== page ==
“A reasonable jury could find that Mr. Williams’ needs were obvious to any layperson. They could also find that the medical unit-wide attitude of inhumanity and indifference shown to him, which resulted in the delay and denial of medical care in the face of his symptoms that were obviously indicative of a serious medical condition or medical emergency, amounted to deliberate indifference,” his ruling states.
In an affidavit filed Tuesday, Tulsa attorney Joel Wohlgemuth states that he and Dowdell had several conversations about the 2008 case.
“Judge Dowdell was committed, as were others in our firm, to successfully conclude the jail case, and at least partially eliminate our perceived abuses by the Sheriff and his office. As a shareholder and director of NWCD, Judge Dowdell shared in the revenues generated by the significant fees paid by the City in the litigation,” his motion states.
If Dowdell declines to remove himself from the case, he is expected to hear pretrial motions and the case is scheduled to begin Tuesday. If he grants the recusal motion, a new judge would be assigned.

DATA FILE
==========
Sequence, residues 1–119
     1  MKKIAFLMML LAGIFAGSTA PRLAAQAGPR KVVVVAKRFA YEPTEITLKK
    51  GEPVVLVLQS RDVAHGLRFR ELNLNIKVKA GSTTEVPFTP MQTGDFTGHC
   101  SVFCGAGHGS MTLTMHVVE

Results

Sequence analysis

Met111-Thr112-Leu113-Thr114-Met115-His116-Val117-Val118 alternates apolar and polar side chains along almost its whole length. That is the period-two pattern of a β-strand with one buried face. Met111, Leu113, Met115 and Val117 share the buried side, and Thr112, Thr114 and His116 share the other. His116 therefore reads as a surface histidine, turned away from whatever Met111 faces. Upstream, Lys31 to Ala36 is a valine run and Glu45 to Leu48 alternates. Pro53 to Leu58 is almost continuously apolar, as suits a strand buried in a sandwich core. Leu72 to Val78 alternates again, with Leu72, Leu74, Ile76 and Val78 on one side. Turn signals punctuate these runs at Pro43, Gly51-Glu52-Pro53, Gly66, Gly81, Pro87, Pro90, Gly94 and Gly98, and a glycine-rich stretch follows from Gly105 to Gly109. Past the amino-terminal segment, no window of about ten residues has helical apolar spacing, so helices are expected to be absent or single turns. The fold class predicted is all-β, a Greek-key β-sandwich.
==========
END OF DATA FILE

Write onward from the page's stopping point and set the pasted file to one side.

That action would likely delay the trial for the lawsuit, filed more than five years ago.
The federal civil rights lawsuit by Williams’ estate names Regalado in his official capacity, Glanz and the jail’s former medical provider, Correctional Healthcare Companies Inc. CHC has already settled with Williams’ estate for an undisclosed amount and has been dismissed from the lawsuit.
The motion filed last week indicates Regalado was only recently made aware of Dowdell’s involvement in the law firm. Dowdell failed to disclose his association with the Tulsa County case during litigation, the motion states.
It says Dowdell’s involvement in the 2008 case “raises serious questions as to Judge Dowdell’s impartiality.”
The firm in which Dowdell was a partner sued the county in 2008 alleging that jail conditions under Glanz violated prisoners’ civil rights. Glanz demanded “unreasonable” fees for medical expenses from people booked into the jail by the city, creating money-making opportunities for himself and the county, the suit states.
The lawsuit also alleged Glanz “interfered with the negotiating process” and that his actions were “unauthorized, malicious and wrongful.” The suit sought punitive damages from Tulsa County.
An affidavit by Glanz states that Dowdell should disqualify himself from the state because his rulings have shown bias against the county.
The request to disqualify Dowdell in the case occurred just hours before a pre-trial hearing was scheduled to begin last week.
Judge’s order: Elliott Williams’ jail cell became ‘burial crypt’